- temporary appetite loss
- abdominal pain
Lately, non-conventional canine nutritionists claim garlic is beneficial for dogs and recommend adding cooked garlic to the canine menu. The cooking is supposed to deactivate the toxic compound.
However, no scientific data is backing up this claim. Until future discoveries prove the opposite, all Allium members are classified as toxic to dogs.
Xylitol is an artificial sweetener found in many human food products, such as peanut butters, candies, juices, jams, and even chewing gums.
Sadly, xylitol is extremely toxic to dogs.
In dogs, xylitol makes the blood sugar levels to drop suddenly and dramatically.
common signs of xylitol poisonin
- lack of coordination
If ingested in larger quantities, it can cause liver failure.
Some mushroom varieties (like the Portobello) are safe to dogs, while others (Amanita and Galerina species) are dangerous and may cause problems ranging from simple impaired digestion to something as hazardous as liver and kidney failure.
Another problem with mushrooms is their high allergen potential.
Keep in mind that these issues occur with store-bought mushrooms. It goes without saying that wild, picked mushrooms are always a risky business.
Just like humans, dogs are not immune to the alcohol’s intoxicating potential. The substance responsible for causing alcohol intoxication is ethanol.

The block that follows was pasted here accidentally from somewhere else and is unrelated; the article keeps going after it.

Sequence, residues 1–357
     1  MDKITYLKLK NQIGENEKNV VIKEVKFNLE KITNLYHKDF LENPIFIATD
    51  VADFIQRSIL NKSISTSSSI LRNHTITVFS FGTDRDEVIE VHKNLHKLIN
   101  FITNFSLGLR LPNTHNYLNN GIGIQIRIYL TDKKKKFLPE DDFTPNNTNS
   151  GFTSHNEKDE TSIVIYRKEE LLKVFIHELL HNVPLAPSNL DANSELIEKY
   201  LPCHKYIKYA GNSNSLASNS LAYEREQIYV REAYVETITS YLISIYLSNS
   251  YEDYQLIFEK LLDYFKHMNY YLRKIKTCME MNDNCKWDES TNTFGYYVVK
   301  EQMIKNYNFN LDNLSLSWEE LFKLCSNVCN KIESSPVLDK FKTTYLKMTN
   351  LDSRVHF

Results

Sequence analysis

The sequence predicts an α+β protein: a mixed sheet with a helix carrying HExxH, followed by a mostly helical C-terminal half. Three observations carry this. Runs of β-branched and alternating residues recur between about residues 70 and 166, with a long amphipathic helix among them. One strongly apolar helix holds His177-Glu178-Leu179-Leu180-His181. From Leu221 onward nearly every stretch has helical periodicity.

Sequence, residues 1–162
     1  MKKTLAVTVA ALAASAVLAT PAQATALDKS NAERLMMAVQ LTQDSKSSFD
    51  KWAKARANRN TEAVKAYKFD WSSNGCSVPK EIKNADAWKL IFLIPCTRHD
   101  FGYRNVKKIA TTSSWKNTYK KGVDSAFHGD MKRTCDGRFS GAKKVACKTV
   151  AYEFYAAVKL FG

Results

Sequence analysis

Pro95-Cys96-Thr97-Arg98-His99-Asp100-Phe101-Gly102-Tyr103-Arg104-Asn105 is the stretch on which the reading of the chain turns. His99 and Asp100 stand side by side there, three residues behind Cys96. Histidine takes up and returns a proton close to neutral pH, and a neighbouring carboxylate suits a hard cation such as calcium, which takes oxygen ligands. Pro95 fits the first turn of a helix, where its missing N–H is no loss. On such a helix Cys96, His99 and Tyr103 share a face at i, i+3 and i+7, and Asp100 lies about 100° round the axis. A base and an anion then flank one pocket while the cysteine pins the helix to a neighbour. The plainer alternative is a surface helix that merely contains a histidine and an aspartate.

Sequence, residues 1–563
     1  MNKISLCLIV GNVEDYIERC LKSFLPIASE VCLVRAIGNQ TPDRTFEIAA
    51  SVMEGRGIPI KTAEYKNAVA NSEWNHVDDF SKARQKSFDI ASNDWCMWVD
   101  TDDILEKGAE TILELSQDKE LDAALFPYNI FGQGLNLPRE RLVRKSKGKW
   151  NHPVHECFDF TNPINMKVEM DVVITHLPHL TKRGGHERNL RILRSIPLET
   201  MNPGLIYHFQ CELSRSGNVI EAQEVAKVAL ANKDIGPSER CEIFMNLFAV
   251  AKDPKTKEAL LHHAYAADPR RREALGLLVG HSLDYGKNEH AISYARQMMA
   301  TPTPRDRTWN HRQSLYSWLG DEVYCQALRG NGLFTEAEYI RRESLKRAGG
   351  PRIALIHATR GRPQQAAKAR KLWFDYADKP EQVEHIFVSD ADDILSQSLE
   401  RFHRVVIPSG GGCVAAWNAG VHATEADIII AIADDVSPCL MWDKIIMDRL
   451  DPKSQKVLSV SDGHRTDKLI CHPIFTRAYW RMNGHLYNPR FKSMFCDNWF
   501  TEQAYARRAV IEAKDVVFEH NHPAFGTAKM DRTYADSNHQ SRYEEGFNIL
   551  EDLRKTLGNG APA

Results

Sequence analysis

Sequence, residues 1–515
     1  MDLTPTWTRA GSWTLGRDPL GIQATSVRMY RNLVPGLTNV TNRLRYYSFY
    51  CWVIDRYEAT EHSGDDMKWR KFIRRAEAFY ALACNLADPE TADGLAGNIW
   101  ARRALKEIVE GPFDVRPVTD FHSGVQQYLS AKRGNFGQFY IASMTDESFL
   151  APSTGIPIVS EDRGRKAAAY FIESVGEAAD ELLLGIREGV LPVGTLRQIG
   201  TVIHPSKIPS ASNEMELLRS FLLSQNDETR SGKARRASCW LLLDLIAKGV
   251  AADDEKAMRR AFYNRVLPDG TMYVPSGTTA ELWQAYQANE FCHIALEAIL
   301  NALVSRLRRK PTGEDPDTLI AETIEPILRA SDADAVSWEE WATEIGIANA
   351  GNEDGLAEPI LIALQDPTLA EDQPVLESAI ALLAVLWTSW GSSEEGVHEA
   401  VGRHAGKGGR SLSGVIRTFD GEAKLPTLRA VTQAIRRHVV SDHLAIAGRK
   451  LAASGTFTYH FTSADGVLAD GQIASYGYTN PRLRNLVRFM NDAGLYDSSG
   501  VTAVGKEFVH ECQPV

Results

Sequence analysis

A dog with alcohol poisoning will experience:
alcohol poisoning symptoms
- lack of coordination
- increased body temperature
- muscle tremors
In extreme cases, organ failures and death are possible.
Although most dogs are repelled by the alcoholic beverages’ smell, it might tempt them to drink if the particular drink is sweet.
Therefore, keep your liquor cabinet closed and out of dogs’ reach.
Just like bread dough made with yeast rises in the oven, it rises in the dog’s stomach. The surge can cause the dog’s stomach to bloat and eventually twist, which is a life-threatening emergency.
Things get worse if the bloat pressures the lungs and result in impaired breathing.
Additionally, yeast digestion is accompanied by ethanol production. Ethanol is the compound responsible for alcohol poisoning.
In simple words, eating yeast dough or warm, freshly baked bread will make a dog drunk.
All citrus plants are dangerous fruits for dogs because they contain a specific combination of citric acid and essential oils that together cause gastrointestinal irritation.